In order to start things off on the right foot, so to speak (i.e. start out with real content), I figured it might be nice to cover some recent history.
Things have been fairly busy on the Intel graphics front these days; Keith & Eric (or should I say Eric & Keith) have been hard at work getting the new GEM infrastructure in shape. They put together the new framework remarkably quickly; most of the delays recently are due to communication with the hardware guys about various issues, since GEM pushes the limits of our chipsets in a few different ways.
For my own part, it seems like I’ve been spending a lot of time looking at VBIOS tables these days. Over the past few of weeks I’ve added support to the DRM for TV output detection & LFP timings based on the Intel VBTs, and lately I’ve been working to add the same TV output detection plus spread spectrum support to the xf86-video-intel driver. Things are looking good on the SSC front so far: no reports of failure yet and at least one group is using the new patch to avoid audio noise inducing EMI. Hopefully I’ll be able to push it upstream next week. I’ve also got fixes for framebuffer compression and better memory arbitration queued up (well, mostly in my head at this point) that I’ll try to get into the 2.4 release, but since I’ll be out in Folsom at an Intel conference most of next week, that might be tricky.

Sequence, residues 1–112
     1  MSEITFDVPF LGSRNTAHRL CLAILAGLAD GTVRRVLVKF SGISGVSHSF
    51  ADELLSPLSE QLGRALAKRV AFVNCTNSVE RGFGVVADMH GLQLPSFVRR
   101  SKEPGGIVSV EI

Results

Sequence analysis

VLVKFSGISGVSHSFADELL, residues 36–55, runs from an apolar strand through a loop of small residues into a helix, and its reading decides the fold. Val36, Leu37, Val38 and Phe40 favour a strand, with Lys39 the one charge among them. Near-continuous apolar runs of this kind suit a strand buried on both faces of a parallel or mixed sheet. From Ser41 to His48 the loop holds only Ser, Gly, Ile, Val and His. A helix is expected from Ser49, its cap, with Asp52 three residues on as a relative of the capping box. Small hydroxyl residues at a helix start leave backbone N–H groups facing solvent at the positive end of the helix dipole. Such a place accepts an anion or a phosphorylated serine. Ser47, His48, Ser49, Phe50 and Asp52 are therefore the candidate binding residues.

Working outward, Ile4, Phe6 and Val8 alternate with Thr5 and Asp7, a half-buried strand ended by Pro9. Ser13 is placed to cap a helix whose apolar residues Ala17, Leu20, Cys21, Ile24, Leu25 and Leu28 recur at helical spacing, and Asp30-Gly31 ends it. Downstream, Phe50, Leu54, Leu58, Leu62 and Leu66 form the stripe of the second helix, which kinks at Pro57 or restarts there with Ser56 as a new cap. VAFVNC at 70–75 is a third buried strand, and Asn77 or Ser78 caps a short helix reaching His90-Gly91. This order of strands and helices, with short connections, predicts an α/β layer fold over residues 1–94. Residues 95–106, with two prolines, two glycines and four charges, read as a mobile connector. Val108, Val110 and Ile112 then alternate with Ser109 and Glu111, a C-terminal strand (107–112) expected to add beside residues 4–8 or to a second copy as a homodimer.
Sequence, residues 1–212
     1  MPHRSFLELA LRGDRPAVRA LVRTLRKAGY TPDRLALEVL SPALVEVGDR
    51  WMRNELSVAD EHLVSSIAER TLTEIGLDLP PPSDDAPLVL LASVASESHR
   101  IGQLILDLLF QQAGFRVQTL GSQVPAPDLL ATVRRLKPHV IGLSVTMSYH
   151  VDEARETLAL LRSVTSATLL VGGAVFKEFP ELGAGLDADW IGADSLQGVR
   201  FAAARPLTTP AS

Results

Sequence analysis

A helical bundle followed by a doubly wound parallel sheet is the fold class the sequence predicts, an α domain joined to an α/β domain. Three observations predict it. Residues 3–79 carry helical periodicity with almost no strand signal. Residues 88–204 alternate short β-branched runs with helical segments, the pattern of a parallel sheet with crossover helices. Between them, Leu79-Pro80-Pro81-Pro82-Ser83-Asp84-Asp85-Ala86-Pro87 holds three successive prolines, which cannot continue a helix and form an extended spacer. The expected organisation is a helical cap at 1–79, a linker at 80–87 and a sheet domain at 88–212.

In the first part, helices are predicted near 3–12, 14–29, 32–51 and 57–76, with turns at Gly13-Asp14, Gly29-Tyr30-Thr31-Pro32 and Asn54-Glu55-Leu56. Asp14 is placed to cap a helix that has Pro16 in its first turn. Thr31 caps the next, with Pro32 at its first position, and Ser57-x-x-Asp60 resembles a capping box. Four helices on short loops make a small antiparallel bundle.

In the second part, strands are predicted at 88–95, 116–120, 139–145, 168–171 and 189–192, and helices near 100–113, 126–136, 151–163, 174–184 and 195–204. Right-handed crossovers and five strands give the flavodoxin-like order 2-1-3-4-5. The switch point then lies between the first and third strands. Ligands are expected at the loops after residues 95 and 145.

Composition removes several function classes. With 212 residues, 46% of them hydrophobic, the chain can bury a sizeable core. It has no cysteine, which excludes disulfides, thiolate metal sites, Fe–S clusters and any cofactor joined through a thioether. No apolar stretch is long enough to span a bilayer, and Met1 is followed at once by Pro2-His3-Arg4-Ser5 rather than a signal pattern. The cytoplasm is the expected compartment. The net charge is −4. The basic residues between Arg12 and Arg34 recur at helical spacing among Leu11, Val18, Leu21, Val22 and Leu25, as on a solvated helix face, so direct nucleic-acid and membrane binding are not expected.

On the 3D front, I’ve got some fixes for page flipping and buffer swapping on 965 put together; they need more testing (and the DRM vblank code needs more fixing on i915), but I’m hoping to have that together soon. Defaulting to vblank sync’d buffer swaps makes a lot of sense, but only if the underlying vblank code is solid.
PCI in Linux has been pretty busy these days too, more so than I thought it would be. Linus just pulled a few crash fixes for 2.6.26 recently, and the 2.6.27 queue is getting pretty full (TODO: post “what’s in pci linux-next” for everyone). Things are looking good though: VPDs are supported on older cards now, hotplug is getting a lot of attention, and we’ve got some shiny, new early debug code courtesy of Yinghai Lu, our resident coding machine. Oh and I almost forgot all the suspend/resume stuff… Rafael, our highly prolific suspend/resume maintainer, has posted several patchsets that really improve our suspend/resume callback architecture, and fixed up the platform wakeup design while he was at it.
Overall, things are busy as usual, but that’s how it ought to be.